From Asgard to Valhalla is an intriguing survey of the history of Norse mythology and its impact on culture, history, politics, literature and art from the early middle ages to modern day. O'Donoghue traces the mythology from the history of its creation and preservation to its later employment by the early romantic movement, its politicization by nationalist, racist and fascist movements, and its imaginative manifestation in modern culture, literature and art. She does an excellent job of summing up Norse mythology for those unfamiliar with it and, for the most part, writes in an engaging and entertaining style. Especially delightful (with one major exception, detailed below) is Chapter 8 where she covers creative representations of the myths in modern culture, tracing its influence on modern poets, heavy-metal musicians and science-fiction and fantasy writers.
However there are two things which mar this otherwise well done study. First is the rushed feeling of the text. Some of the subjects she touches upon could have used a bit more treatment. This is, of course, inevitable in a survey of this sort, but weighing in as it does at 200 pages of large type, further development here and there would not seem excessive. In addition, at times her asides become the main subject and the original subject is lost and never followed up upon. I don't know if this text was part of some tenure track necessity, but some more development and editing would probably have made a good text a better one.
The second and most troubling aspect of the book is O'Donoghue's simplistic treatment of the neopagan movement inspired by Germanic culture, Heathenry, of which this reviewer, after a fashion, counts himself as a member. The problem stems from the author's failure to properly distinguish between racism, nationalism, heritage and ancestry. These concepts are certainly related, but they are not synonymous. O'Donoghue, however, juxtaposes them in ways which, at times, makes them indistinguishable. For instance she claims that "groups such as Wotansvolk, Odinic Rite, Asatru and Forn Sed, while being very different in their beliefs and presentations, are all based on some sort of Nordic or Germanic nationalism." Since Germanic culture spanned across a wide swath of Northern Europe and predates the modern nations on the map, how can an interest in this culture be considered "nationalism"? I am proud of my English ancestry, but this does not necessarily make me an advocate for the nation of England, its current politics, or its imperial past. Nationally speaking, I am an American, and I am proud of that, too, though not uncritical of my own country when I feel it has done wrong. Perhaps the most telling confusion in this part of the book is when O'Donoghue states "to go back to 'the old ways' (a literal translation of the Swedish name Forn Sed) or to worship the Aesir (Asatru means 'of the faith of the Aesir') is to reconnect with one's supposed ancestral origins -- or race." Now, I happen to agree with O'Donoghue when she reminds us that "race" is not a scientific fact but an "ideological construct," however a person's heritage and culture are a question of history, certainly not untouched by ideology, and pride in one's cultural background and a wish to honor it is not the same thing as belief in race or racism. After a wonderfully complex look at the threads of Nordic culture, romanticism, racism and fascism in English and German history, O'Donoghue glosses over modern heathenry's complex issues of identity, heritage, culture, race, faith, and theology, and presents a rather simplistic portrait of modern heathens that falls just short of characterizing us as racist crack-pots. She also portrays "anti-Christian" elements in the heathen community as a form of racism, completely ignoring the possibility that these elements may have more to to do with fascinating phenomenon of the rise of polytheism in opposition to monotheism in postmodern psychology and theology. She concludes her treatment of this subject with the absurd idea that modern heathenism is largely inspired by the legitimate and fraudulent "Nordic" archaeological finds in America. The riduculousness of this claim does not even deserve a reply.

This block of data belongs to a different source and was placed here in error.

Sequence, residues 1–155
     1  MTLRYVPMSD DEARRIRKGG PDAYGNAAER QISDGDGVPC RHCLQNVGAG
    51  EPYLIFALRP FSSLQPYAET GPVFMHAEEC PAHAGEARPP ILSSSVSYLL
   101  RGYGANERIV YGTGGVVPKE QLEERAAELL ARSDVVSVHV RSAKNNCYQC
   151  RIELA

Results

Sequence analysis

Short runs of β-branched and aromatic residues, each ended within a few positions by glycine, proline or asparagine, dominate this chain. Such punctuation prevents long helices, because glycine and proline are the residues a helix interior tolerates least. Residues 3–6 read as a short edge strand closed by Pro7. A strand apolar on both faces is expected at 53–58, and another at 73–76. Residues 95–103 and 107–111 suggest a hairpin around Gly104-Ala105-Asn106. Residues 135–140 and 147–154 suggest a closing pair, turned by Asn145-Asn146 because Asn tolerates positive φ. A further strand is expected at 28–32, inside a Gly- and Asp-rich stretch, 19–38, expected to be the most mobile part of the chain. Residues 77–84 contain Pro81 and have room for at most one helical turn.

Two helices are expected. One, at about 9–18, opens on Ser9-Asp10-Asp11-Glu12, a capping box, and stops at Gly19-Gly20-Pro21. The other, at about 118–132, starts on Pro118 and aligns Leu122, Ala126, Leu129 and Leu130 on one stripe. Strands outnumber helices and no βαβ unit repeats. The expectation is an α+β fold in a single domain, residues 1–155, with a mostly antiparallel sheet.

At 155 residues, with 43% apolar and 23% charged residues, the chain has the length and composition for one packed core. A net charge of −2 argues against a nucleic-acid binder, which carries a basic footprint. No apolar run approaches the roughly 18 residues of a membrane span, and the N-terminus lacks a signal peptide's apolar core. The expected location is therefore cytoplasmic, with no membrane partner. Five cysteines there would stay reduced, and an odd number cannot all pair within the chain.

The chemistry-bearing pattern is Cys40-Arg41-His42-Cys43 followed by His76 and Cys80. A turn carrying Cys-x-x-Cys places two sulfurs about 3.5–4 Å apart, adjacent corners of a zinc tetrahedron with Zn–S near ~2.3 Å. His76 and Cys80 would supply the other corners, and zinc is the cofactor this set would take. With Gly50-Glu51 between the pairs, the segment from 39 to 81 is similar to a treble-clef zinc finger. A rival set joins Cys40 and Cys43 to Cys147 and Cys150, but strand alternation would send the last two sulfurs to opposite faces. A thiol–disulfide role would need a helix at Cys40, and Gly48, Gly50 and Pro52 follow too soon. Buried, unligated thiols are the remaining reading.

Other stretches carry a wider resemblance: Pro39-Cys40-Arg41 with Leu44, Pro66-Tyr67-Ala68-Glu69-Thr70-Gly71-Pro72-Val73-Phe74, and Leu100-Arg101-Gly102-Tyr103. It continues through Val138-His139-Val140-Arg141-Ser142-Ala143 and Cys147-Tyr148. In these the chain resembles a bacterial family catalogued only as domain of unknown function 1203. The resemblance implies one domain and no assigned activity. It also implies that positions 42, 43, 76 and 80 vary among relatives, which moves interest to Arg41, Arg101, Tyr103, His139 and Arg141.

This glaring faux pas aside, I would recommend this text to fellow heathens. It reminds us of the romanticism and unsavory ideology and politics which are a part of the history of our path, and against which we must be continuously vigilant, as well as the origins of the spurious occultism woven through the understanding of the runes presented in many modern texts.